Kvalnes, Andøya, September 23, 2021
In this video, R&D Director Ben-Tommy Eriksen explains the benefits of Andfjord Salmon’s patented technology:
"Lifting water is very heavy, and consequently very energy intensive. It's much easier to move the water. In that way we can save a lot of energy. Our facility is submerged into the ground so that the pool is at the same level as the adjacent sea. In this way, we do not need to pump water. In fact, we do not have pumps for doing this at all – we use flow boosters. In that way we save a lot of energy,” says Eriksen.
In contrast to other land-based initiatives, Andfjord Salmon AS uses flow-through technology, with technological adaptations developed by the company itself. The facility utilises its unique access to tempered water directly from the Gulf Stream, and is not dependent on pumping, heating/cooling, or other costly operations. It's estimated that the energy cost is as low as NOK 1 per kilo of produced salmon.
Watch the video of the Q2 presentation of Andfjord Salmons technology:
Located at Kvalnes on the island of Andøya on the Arctic Archipelago of Vesterålen, Norway, Andfjord Salmon has developed innovative and sustainable aquaculture technology for land-based farming of Atlantic salmon, based on a flow-through concept.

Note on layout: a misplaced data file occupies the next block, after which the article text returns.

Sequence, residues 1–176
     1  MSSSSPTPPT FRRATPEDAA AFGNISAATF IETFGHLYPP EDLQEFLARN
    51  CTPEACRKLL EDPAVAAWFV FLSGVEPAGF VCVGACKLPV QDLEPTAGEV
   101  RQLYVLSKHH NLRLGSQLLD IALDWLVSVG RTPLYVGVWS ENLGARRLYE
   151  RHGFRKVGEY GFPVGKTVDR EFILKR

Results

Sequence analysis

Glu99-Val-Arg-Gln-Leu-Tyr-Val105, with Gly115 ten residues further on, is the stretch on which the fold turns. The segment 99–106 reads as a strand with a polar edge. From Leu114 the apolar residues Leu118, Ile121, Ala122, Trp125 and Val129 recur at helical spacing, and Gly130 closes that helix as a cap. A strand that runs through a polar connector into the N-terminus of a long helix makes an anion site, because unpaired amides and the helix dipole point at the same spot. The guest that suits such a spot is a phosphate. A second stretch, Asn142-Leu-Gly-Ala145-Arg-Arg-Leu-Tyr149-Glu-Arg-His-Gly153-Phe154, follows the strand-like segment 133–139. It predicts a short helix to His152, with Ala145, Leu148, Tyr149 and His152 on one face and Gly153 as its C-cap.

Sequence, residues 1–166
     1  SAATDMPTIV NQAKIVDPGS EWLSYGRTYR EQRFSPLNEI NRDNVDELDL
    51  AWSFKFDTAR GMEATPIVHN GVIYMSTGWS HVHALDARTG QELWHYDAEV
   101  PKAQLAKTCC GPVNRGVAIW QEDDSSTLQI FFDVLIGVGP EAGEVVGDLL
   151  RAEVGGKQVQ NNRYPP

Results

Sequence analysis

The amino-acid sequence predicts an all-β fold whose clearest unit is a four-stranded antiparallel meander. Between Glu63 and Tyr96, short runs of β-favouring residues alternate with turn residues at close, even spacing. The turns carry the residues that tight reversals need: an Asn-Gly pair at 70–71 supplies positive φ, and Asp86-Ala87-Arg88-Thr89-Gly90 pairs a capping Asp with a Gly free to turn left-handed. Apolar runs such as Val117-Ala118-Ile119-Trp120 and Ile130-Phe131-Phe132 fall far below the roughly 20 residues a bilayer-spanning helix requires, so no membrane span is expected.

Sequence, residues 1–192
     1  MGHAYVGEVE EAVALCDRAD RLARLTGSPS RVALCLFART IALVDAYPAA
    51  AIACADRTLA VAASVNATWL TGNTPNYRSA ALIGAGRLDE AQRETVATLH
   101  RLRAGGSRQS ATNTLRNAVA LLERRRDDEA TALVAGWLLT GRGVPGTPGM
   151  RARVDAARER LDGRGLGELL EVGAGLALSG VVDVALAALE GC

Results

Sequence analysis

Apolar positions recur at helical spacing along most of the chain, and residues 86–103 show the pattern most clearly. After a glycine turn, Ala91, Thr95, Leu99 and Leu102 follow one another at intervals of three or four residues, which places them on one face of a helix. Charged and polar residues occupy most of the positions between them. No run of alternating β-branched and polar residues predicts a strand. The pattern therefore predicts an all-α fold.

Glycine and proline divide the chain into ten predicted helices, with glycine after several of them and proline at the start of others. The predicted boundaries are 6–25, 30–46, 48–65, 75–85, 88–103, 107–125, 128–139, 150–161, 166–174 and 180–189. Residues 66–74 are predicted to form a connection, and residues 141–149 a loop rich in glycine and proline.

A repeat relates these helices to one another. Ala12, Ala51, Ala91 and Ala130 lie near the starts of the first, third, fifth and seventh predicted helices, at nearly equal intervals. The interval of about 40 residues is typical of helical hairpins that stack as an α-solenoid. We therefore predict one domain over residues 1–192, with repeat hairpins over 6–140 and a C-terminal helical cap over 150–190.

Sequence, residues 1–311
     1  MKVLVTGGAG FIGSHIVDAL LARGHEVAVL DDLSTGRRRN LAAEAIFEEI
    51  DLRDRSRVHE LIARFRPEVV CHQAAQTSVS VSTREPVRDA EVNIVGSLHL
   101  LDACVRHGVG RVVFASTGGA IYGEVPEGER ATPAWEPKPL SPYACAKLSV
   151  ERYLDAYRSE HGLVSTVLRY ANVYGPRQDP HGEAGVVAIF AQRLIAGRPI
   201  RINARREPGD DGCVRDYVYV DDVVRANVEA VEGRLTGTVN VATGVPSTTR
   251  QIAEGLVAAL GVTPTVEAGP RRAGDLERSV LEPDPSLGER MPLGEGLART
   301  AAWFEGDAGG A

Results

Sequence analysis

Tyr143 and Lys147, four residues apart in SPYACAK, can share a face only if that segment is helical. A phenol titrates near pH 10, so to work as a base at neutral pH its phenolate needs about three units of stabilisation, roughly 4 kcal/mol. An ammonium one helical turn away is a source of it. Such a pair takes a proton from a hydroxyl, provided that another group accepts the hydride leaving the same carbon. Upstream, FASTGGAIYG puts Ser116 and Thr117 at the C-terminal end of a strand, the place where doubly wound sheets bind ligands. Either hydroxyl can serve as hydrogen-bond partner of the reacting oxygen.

“At our site, we have a good, laminar flow that primarily comes from the Gulf Stream. The salmon are used to having lots of space. We have mimicked that, in order to enhance fish welfare. In nature, water is cleansed very simply at a very early stage. The fish faeces sift down to the seabed where it is received by microorganisms. We have taken this into account in our design process,” Eriksen explains.
The R&D Director concludes:
“The water has the same temperature that the salmon is used to. And we have a low risk of disease. That's what we mean when we say that we have made a facility that uses the best of both worlds.”
“Simple sustainability, quite simpy"